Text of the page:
And that brings us to Jeremiah 29:11: “For I know the plans I have for you, declares the Lord.” And then Jeremiah says that “God has plans to prosper you and not to harm you.”
When I talk about God prospering us, I’m not talking about everyone in church winning the Powerball jackpot (as appealing as that may sound). I’m talking about enjoying the everyday blessings of God that are mentioned in verses 4-6. The blessings of a place to live, food to eat, families to love, and communities to pray for. All of these things are a sign that we are experiencing God’s plans to prosper us and not to harm us.
Then Jeremiah says that God has ‘plans to give you a hope and a future.’ For the Jewish people, that meant going back to the promised land. But for us, it means going UP to the Promised Land.
If you are a believer in Jesus Christ, you have a hope and a future that goes far beyond the parameters of this life. You have a hope and a future where you will be living in eternity with God himself. You have the hope that He who began a good work in you will carry it on to completion until the day of Christ Jesus. You have the hope that God will someday be finished with the work He’s doing in your life, and that you will reign with Christ forever and ever! You have a certain hope that God’s promises in your life will come true.
In fact, the whole message of Jeremiah is that the word of the Lord always comes true. In the first 25 chapters of Jeremiah, God says over and over again, “I am going to judge the nation of Judah because they have forsaken the Lord, the spring of living water.” And that’s what happened. Because the word of the Lord always comes true.
And in Jeremiah chapter 30:3, God says “The days are coming, when I will bring my people Israel and Judah back from captivity and restore them to the land I gave their forefathers to possess,’ says the LORD.” 50 years later, the Medes and the Persians conquered the kingdom of Babylon. And the Jews were allowed to go back home. Because the word of the Lord always comes true.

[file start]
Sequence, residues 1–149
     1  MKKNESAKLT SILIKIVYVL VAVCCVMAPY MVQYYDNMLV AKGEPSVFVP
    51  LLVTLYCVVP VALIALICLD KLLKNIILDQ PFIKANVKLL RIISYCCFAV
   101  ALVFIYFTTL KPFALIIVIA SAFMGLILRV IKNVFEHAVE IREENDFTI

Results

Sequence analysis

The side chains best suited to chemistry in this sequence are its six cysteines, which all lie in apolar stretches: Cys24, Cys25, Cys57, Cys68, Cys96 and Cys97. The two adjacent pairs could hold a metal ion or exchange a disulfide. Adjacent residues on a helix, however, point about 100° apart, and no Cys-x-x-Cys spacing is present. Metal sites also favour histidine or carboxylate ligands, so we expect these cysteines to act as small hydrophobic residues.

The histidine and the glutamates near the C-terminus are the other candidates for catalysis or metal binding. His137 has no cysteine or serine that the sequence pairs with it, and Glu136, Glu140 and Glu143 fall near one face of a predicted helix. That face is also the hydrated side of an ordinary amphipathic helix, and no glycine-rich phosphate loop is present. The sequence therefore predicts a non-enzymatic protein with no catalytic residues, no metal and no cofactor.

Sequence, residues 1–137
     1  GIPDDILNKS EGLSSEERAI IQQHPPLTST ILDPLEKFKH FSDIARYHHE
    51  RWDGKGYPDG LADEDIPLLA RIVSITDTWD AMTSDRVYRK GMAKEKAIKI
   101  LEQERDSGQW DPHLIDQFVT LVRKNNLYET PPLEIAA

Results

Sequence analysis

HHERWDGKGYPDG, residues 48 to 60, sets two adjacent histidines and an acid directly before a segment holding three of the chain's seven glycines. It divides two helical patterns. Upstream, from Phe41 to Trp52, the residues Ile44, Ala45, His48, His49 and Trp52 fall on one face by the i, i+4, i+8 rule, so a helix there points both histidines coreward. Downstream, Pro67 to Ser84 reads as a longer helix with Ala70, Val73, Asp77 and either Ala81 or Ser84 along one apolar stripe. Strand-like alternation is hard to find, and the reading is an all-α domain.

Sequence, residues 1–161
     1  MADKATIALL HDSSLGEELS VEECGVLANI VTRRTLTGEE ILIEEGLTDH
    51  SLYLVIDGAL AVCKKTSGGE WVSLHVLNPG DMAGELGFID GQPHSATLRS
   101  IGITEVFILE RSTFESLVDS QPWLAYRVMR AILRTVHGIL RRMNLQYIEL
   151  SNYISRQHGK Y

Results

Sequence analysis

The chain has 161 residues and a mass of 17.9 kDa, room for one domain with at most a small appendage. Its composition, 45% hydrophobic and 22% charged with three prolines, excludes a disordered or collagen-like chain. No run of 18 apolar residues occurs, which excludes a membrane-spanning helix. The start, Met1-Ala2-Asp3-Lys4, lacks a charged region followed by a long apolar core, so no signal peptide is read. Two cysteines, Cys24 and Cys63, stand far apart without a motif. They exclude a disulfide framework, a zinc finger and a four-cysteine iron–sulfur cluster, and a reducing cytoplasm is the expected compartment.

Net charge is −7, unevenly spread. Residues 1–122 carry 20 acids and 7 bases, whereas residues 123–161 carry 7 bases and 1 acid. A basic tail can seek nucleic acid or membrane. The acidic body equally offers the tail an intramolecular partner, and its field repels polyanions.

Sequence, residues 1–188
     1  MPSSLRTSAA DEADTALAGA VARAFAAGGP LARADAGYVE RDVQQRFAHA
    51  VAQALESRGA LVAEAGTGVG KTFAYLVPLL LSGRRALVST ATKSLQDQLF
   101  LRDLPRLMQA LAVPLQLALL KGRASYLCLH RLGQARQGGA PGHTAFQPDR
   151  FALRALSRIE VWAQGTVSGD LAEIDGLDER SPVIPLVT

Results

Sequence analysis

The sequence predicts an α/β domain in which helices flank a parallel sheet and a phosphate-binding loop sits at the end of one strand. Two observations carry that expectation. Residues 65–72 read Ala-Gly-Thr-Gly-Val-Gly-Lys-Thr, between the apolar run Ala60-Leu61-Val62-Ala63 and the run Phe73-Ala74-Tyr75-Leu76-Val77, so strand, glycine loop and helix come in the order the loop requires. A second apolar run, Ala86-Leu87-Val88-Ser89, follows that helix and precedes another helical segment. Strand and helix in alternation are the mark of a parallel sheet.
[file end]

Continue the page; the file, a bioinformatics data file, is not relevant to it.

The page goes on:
And in Jeremiah 31:31, the Lord says “I will make a new covenant with the house of Israel and with the house of Judah. With this covenant, No longer will a man teach his neighbor, or a man his brother, saying, ’Know the LORD,’ because they will all know me, from the least of them to the greatest,” declares the LORD. “For I will forgive their wickedness and will remember their sins no more.”
630 years later, God ratified this new covenant when He sent Jesus Christ to die on the cross for our sins. And because of what Jesus Christ did for us on that cross, we all have an opportunity to know the Lord for ourselves. We all have an opportunity to be forgiven! This helped prove once and for all that the word of the Lord always come true.
And because the word of the Lord is coming true in our lives, we need to reach out to the God who makes His word come true. Jeremiah 29:12-14 says “Then you will call upon me and come and pray to me and I will listen to you. You will seek Me and find Me when you seek Me with all your heart. I will be found by you,” declares the Lord, “and will bring you back from captivity. I will gather you from all the nations and places where I have banished you,” declares the Lord, “and will bring you back to the place from which carried you into exile.”
It is clear that based upon verses 11-14, that God wants us to prosper, he wants to take care of us. But I want you to look closely at the condition of them being able to re-occupy the lands they were taken from…
In order for the Jews to get their lands back, they had to obey. They had heard God, but now they had to obey. How did they obey in this situation? They had to call on him, come to him, and pray to him. And they had to do it with all of their heart. THEN, they would find God, and THEN they would bring them back from captivity.
I don’t know what is holding you captive in your life today, but if God is not first in your life, and if you are not earnestly seeking after HIM, then you can’t expect to find your new beginning. Today, will you seek him? Will you search for him with all of your heart? God wants to release us from the captivity that has hold of us, and help us prosper…but He can only do that when we look for God before we look for anything else.
Our Senior minister and I just had a long discussion about sermon length.
Some thoughts from the meeting:
1. Some of the larger denominational churches that are rapidly growing often have ministers/pastors that speak for upwards of 40-45 minutes.
2. The human mind doesn’t comprehend much past 20-25 minutes in one time frame.
3. In order to get deep into the word, you sometimes have to preach a lot longer.
4. People who get distracted/fall asleep/etc. are going to do that in a 10 minute sermon or a 50 minute sermon.
Please take a moment to vote in the poll, and leave a comment if you’d like about why you chose that, or add something new. Thanks!